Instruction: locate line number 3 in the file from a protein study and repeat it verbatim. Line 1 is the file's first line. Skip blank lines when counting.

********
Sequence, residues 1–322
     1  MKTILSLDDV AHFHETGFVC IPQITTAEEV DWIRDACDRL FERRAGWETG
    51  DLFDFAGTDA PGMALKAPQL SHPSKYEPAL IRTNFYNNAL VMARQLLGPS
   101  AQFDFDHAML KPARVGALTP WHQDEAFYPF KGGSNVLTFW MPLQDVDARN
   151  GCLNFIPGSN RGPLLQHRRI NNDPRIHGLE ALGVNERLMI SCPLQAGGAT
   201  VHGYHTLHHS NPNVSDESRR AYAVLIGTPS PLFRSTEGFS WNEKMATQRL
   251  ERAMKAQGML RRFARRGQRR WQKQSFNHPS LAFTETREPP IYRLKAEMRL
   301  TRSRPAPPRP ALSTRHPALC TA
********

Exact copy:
    51  DLFDFAGTDA PGMALKAPQL SHPSKYEPAL IRTNFYNNAL VMARQLLGPS